BELIZE CITY–Ivan Ramos, Dangriga’s area representative for the Opposition People’s United Party, strongly denounced in Parliament today what he said was an act of discrimination against two banking employees, after allegations that CIBC First Caribbean has tried to “stifle” speech in their native tongue, a form of disrespect Ramos said he had not seen in a long time.
Ramos, the grandson of Garifuna activist and hero Thomas Vincent Ramos, noted in his statement that on May 18, 2001, the United Nations Organization for Education, Science and Culture (UNESCO) issued a proclamation designating the Garifuna Language, Dance and Music to be A Masterpiece of the Oral and Intangible Heritage of Humanity. It was the first such proclamation issued by the UN organization.
For its part, CIBC First Caribbean has denied all allegations that it has a policy barring the speaking of Garifuna at its Dangriga branch, although Audrey Matura-Shepherd, president of the Christian Workers Union (CWU), has said that apart from the Dangriga incidents, there was also a move to restrict the speaking of Spanish at another district branch. Matura-Shepherd said that a correspondence from the bank had described the Garifuna language as “loud and unwelcome.”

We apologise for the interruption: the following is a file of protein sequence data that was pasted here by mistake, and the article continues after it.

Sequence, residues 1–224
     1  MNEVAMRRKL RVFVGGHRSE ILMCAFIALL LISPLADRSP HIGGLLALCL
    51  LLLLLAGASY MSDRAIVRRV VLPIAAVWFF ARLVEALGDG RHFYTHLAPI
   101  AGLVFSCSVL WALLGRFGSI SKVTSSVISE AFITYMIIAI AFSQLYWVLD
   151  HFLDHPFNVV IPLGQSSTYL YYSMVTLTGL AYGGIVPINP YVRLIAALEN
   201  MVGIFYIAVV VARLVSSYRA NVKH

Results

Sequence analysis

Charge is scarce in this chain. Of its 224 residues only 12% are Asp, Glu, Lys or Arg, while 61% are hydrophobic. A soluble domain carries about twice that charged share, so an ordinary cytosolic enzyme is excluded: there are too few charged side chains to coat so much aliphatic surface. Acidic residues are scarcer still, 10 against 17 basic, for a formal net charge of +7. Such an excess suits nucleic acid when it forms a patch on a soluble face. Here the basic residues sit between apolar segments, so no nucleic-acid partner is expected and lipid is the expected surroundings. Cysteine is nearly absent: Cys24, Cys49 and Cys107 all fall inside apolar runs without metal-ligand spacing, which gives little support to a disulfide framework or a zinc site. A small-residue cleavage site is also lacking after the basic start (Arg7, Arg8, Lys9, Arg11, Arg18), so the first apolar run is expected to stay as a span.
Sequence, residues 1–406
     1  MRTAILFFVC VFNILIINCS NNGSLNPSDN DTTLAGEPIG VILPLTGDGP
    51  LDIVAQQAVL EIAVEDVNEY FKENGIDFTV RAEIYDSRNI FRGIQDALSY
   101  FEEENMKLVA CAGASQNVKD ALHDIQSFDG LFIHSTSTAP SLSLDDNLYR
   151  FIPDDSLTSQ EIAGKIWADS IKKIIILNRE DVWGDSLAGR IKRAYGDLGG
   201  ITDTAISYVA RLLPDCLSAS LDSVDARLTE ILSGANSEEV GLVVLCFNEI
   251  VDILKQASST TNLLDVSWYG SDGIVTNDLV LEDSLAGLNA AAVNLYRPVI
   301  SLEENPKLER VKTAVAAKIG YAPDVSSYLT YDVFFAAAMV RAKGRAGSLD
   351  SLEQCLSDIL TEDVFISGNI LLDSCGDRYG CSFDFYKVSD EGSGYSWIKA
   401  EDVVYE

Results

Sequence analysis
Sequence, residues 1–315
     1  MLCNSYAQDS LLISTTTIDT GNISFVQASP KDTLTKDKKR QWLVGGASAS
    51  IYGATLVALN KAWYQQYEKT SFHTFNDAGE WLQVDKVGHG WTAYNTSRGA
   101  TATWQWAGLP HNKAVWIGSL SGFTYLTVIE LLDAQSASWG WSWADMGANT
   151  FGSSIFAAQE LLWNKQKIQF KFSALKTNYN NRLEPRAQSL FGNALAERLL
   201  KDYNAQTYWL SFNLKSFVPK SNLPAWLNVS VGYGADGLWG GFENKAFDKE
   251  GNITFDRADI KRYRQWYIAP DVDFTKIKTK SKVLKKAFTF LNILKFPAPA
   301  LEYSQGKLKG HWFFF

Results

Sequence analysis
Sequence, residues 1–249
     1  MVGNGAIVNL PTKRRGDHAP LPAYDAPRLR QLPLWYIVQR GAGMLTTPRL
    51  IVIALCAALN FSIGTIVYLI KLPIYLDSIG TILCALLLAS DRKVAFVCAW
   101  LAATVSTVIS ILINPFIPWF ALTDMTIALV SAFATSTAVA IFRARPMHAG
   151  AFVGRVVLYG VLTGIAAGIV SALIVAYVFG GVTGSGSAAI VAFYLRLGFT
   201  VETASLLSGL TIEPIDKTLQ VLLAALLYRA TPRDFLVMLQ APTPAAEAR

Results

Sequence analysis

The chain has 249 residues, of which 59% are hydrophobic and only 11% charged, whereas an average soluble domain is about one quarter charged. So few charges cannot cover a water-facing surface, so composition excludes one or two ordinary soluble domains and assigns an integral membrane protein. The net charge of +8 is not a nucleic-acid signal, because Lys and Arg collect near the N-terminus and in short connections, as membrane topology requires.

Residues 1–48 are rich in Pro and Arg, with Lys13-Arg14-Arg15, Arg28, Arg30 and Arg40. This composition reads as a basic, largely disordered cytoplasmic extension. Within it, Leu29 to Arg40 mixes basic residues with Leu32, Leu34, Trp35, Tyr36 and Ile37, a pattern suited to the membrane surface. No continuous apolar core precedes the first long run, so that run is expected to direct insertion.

Ramos’ statement detailed the two allegations of discrimination. He said that approximately 3 weeks ago, Simeon Joseph, Jr., who joined the bank 32 years ago when it was Barclays Bank, “was put on immediate leave because of speaking Garifuna to a fellow customer.”
Ramos said that a customer had spoken to Joseph in Garifuna, and he had simply replied in that language.
The second Garifuna person who he said had faced that kind of discrimination was Uwahnie Martinez of Hopkins. Ramos said that Garifuna is Martinez’s first language “…so to be told that she cannot speak Garifuna in the bank, this is unacceptable…”
Ramos said, “…I come here today to ask this honorable House to reaffirm then to the Belizean people and to all of us that discrimination will not be tolerated anywhere in this country.”
Speaking with journalists after today’s House meeting, Prime Minister Dean Barrow restated his position on the matter, saying that if the allegations are true, then such discrimination is “absolutely intolerable.”
“I associate myself completely with what the member for Dangriga said this afternoon in the House,” Barrow said.